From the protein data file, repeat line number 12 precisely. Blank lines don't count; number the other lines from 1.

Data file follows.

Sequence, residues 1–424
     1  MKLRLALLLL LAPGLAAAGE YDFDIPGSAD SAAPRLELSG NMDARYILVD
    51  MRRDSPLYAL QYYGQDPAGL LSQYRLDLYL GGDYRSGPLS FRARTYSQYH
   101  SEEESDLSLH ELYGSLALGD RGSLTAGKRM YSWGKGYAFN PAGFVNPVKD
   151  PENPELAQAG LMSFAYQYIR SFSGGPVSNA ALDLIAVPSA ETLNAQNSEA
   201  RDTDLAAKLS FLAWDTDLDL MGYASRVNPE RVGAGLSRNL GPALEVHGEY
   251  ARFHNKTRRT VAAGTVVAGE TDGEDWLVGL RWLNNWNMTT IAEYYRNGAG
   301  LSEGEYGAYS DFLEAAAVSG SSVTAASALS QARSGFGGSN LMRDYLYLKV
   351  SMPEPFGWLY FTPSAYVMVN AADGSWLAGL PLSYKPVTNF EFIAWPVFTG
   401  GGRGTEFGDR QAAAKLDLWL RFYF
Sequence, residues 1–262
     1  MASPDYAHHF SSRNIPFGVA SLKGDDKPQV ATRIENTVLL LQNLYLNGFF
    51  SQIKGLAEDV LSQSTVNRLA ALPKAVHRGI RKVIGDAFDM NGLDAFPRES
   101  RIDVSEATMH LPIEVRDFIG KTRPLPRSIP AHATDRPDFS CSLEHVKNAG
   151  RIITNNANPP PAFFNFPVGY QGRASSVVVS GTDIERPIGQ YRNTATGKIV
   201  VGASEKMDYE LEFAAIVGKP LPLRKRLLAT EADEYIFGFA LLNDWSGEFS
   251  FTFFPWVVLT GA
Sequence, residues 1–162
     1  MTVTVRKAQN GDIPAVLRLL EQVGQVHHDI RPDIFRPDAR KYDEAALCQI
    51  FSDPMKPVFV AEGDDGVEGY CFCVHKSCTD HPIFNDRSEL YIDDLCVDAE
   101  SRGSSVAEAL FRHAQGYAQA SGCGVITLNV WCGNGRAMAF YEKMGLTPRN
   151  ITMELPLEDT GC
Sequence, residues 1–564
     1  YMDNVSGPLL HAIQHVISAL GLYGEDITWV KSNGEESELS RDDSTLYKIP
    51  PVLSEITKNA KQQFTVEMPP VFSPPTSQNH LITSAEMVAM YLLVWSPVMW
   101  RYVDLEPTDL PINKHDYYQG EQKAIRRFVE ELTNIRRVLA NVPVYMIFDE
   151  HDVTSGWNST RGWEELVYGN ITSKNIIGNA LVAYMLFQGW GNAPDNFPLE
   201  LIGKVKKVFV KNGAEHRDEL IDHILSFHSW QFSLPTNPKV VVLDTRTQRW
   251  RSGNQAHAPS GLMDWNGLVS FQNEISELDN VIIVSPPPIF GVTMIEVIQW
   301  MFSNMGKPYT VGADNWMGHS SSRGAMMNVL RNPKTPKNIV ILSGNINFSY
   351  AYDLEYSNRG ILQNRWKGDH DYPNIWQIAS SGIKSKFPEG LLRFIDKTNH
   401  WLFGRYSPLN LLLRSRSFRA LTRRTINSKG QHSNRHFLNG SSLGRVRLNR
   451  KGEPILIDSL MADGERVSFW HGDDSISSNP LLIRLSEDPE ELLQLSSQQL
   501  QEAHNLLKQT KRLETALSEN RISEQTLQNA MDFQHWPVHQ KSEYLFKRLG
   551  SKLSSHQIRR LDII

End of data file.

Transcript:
     1  MASPDYAHHF SSRNIPFGVA SLKGDDKPQV ATRIENTVLL LQNLYLNGFF